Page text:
Imagining, Recognizing and Discriminating: Reconsidering the Ability Hypothesis

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Abstract
According to the Ability Hypothesis, knowing what it is like to have experience E is just having the ability to imagine or recognize or remember having experience E. I examine various versions of the Ability Hypothesis and point out that they all face serious objections. Then I propose a new version that is not vulnerable to these objections: knowing what it is like to experience E is having the ability todiscriminate imagining or having experience E from imagining or having any other experience. I argue that if we replace the ability to imagine or recognize with the ability to discriminate, the Ability Hypothesis can be salvaged.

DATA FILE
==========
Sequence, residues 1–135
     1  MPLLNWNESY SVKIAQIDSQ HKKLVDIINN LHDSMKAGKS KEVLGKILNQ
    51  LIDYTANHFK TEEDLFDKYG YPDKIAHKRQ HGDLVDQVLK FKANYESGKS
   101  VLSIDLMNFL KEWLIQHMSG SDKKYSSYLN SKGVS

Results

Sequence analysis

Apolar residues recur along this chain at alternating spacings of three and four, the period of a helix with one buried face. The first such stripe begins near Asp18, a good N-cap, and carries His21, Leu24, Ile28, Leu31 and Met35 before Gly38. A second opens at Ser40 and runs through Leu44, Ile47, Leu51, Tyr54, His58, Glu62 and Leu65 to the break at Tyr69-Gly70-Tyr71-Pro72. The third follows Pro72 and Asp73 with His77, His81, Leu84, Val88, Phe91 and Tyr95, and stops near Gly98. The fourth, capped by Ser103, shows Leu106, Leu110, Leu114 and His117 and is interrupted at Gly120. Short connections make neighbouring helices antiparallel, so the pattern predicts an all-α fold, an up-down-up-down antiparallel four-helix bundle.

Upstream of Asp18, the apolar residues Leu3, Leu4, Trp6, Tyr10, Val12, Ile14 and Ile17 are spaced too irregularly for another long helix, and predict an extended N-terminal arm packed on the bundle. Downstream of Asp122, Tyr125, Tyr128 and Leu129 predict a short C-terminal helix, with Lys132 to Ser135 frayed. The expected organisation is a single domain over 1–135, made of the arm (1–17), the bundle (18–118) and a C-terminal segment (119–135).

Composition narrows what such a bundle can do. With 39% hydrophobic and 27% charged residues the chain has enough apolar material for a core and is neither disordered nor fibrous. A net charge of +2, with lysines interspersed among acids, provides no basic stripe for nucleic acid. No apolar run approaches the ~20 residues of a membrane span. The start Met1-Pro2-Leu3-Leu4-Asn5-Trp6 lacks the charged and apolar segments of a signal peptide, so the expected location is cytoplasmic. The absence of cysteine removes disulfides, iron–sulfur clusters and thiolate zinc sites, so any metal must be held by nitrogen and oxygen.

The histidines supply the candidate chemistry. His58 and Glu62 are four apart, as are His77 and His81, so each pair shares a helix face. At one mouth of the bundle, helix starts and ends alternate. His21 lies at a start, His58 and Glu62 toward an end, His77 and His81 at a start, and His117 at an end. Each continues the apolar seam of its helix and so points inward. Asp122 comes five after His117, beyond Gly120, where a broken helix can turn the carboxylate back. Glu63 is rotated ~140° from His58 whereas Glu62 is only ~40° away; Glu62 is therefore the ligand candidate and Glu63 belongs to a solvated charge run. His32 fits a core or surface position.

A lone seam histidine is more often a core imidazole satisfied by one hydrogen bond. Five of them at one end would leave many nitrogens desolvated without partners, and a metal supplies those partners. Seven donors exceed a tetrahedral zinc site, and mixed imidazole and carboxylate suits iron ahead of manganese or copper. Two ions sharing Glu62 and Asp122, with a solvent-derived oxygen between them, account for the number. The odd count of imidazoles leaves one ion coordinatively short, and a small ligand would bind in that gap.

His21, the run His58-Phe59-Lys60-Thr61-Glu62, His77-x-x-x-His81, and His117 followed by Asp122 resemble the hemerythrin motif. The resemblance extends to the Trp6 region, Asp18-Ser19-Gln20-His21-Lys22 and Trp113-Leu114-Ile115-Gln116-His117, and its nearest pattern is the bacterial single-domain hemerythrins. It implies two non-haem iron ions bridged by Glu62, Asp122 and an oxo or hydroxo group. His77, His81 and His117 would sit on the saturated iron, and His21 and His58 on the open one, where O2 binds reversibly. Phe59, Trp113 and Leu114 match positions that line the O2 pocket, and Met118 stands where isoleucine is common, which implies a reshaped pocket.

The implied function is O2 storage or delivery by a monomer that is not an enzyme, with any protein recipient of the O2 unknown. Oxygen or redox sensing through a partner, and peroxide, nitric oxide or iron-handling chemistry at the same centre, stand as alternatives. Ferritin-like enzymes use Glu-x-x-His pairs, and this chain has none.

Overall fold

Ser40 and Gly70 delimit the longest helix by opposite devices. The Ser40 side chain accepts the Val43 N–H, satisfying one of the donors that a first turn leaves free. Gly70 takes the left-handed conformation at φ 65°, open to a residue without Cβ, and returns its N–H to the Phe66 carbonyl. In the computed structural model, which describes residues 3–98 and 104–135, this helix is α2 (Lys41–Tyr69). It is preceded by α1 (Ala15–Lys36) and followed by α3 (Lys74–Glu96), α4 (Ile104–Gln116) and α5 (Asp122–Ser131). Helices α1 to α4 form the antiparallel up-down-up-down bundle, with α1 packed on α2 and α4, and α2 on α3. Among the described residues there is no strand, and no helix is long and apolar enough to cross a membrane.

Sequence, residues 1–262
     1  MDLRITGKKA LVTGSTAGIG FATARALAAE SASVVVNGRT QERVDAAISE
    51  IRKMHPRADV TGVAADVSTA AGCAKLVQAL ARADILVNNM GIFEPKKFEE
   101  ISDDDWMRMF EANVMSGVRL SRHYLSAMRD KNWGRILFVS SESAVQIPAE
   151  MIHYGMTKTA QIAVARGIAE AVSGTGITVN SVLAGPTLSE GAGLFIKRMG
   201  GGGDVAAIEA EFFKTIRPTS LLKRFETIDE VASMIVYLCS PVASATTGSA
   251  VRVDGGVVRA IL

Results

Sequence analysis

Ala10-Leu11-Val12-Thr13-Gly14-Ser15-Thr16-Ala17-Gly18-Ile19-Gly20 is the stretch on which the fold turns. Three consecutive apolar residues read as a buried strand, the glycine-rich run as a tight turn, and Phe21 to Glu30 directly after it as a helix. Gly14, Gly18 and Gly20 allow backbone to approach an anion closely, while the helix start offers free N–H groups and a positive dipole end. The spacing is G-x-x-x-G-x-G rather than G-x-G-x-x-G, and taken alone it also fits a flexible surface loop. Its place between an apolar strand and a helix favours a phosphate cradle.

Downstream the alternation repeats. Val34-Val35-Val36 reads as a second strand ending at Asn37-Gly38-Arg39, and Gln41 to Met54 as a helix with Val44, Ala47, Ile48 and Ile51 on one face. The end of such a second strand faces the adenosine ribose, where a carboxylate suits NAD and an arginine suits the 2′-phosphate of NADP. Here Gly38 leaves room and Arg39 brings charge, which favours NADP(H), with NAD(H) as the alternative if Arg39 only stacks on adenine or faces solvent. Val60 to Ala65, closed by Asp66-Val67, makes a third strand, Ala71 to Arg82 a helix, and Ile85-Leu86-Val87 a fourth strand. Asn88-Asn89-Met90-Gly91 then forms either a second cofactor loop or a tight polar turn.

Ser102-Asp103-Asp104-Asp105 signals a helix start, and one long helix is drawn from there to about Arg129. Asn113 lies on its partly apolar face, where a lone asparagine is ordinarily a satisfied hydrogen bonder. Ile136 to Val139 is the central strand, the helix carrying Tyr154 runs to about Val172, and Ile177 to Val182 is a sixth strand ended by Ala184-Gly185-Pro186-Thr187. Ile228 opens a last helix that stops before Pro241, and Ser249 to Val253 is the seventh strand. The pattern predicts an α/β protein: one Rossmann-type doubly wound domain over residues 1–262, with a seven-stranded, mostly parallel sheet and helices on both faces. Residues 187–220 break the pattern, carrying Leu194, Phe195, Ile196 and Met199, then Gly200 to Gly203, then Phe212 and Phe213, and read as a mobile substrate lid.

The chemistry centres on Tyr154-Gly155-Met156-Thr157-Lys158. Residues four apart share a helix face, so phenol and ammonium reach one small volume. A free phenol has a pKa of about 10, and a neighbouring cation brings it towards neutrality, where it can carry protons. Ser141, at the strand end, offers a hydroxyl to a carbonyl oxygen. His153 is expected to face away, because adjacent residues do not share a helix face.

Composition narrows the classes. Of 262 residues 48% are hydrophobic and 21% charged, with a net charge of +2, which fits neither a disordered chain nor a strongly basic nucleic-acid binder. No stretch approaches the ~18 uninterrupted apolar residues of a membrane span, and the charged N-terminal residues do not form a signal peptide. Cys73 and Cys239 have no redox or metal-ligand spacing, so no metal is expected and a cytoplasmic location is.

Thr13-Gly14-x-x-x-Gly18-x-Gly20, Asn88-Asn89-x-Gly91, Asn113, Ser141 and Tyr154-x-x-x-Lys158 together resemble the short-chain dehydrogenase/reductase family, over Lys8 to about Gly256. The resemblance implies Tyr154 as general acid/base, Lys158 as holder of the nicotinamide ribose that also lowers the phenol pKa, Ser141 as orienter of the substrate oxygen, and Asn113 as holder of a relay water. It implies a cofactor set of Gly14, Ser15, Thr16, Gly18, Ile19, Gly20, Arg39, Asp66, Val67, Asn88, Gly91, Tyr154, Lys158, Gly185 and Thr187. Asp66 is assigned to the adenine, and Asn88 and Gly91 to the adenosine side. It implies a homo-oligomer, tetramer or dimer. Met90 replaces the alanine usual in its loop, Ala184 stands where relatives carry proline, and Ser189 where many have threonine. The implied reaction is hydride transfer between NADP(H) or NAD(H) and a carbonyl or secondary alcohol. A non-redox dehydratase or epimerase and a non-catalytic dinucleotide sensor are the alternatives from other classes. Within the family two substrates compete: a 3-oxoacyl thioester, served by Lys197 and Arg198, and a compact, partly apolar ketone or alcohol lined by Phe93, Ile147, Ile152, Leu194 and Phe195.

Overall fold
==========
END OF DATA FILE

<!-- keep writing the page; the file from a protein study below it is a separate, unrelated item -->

ISBN(s)
0031-8205
PhilPapers/Archive ID
NANIRA-7
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Archival date: 2020-01-19
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2009-01-28

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